One of the most used features in my Lightroom workflow are virtual copies. I do this a ton in both my client and personal work, where I want to experiment with different adjustments on an image.

I might make one virtual copy black and white, or apply a film-look preset to another virtual copy. Or I might apply a slightly different tone to one virtual copy versus another.

ON1 Photo RAW 2018 introduces Versions, a way to achieve the same function. Download a fully functional trial version here.

Getting Started with Versions

For me, I love to take pictures of food and drink when I’m out and about. It makes me think creatively in terms of angles and lighting, and I love playing around with different looks once I bring them back to my computer.

Before I even think about creating different versions of a photo, I usually apply some basic “global edits” that I know I’m going to want. This might mean leveling and cropping the photo, adjusting exposure, highlights, etc. In a dark bar scene, this might mean applying a local noise reduction brush.

From there, I can create my different versions.

Creating versions in ON1 Photo RAW 2018 is super simple. I right-click on a photo in the Browser, Develop or Effects modes, and select “Create Version.” Alternatively, I can select a photo and go up to Settings > Create Version.

Once you’ve created the versions, you can treat them like any other file. While they’re tied to the main file you just versioned, they are separate files on your hard drive, and you can treat them as such. They’ll have different titles, metadata, you name it.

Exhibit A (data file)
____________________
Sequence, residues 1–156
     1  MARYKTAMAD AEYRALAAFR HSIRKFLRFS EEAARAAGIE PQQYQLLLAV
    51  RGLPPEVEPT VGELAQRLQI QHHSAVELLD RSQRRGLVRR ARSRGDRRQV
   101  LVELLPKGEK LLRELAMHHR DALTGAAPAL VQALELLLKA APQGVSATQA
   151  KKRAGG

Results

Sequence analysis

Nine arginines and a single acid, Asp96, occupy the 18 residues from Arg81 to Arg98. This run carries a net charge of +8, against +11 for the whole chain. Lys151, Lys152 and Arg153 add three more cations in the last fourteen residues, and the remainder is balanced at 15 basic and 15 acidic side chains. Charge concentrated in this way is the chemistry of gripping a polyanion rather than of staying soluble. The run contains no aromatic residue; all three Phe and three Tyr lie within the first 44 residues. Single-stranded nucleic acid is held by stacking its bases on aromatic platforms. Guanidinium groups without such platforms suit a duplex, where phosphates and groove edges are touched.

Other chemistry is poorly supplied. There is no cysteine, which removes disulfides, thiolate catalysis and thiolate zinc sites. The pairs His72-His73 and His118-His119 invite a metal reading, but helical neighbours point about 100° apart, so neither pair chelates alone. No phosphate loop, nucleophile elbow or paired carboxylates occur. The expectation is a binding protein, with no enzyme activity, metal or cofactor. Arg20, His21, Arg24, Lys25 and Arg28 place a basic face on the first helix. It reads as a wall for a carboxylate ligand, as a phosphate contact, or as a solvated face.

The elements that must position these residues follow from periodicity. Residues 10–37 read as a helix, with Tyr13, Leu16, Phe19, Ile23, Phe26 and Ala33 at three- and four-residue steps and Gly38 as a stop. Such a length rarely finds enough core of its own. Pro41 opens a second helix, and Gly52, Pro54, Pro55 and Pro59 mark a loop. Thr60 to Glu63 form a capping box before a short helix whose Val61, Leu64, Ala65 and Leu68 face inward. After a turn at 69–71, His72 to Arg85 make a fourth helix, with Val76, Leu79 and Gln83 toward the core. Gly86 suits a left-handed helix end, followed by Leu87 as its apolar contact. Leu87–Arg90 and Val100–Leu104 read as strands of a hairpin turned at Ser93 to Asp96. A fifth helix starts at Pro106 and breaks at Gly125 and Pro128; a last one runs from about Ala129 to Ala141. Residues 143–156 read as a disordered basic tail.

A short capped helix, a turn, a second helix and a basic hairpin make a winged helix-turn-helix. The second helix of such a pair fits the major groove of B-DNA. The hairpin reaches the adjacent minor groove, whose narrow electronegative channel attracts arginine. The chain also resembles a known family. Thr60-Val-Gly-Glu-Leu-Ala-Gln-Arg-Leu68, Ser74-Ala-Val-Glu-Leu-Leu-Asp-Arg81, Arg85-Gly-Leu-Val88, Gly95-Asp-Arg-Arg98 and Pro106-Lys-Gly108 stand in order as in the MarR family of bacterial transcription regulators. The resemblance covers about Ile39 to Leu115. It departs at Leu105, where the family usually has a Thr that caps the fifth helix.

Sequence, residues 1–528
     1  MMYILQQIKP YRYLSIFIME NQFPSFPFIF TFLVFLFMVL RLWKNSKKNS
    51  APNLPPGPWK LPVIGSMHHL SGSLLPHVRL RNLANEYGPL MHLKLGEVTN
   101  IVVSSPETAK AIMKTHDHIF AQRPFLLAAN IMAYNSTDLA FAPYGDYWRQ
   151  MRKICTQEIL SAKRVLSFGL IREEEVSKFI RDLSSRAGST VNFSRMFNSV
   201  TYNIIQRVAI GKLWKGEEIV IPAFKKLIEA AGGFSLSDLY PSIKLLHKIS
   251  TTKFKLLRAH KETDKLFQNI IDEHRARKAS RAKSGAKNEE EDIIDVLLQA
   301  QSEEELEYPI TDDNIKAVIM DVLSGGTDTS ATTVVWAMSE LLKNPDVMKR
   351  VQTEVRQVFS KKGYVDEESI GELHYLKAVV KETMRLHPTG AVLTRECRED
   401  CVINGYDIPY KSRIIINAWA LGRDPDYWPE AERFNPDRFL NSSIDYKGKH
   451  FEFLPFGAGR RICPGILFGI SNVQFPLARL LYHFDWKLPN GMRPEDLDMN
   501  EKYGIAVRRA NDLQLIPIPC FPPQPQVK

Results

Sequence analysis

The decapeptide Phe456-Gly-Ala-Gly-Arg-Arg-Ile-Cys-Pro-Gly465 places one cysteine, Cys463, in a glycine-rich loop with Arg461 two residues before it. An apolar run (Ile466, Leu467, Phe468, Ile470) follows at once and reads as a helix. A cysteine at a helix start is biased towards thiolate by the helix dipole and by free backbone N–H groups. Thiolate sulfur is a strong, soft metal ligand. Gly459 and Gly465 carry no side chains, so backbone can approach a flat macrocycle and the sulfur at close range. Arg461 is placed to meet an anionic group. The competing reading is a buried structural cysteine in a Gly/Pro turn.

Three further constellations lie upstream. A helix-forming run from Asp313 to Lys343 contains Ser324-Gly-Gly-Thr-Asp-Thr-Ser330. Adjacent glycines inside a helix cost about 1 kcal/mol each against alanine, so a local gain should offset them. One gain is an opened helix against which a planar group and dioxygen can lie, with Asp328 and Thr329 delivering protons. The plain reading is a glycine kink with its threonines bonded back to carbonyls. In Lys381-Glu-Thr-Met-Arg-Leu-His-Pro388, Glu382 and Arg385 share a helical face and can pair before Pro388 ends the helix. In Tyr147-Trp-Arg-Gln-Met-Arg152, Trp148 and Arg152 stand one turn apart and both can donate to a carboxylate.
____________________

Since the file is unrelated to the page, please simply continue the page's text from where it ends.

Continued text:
After you’re satisfied with your versions, you can compare your favorites in the ON1 Photo RAW Compare view. This will enable you to select which photo you’d like to move forward with, whether it be exporting or creating further edits.

When to Use Versions

I use versions not only when I want to play around with different looks, but also when I’m deciding how to crop a picture or make those fine-toothed edits that separate a good image from a great image.

For instance, if I’m photographing a theatrical performance, I might want to adjust the black levels depending on the look that would best represent the show. I might also want to selectively add contrast to certain areas versus the whole image, and using versions would allow me to compare the two images to choose the final one to send to my client.

If you want to get started and try out ON1 Photo RAW 2018 for free, click here.

Here’s a video from ON1 explaining how to use versions in ON1 Photo RAW 2018: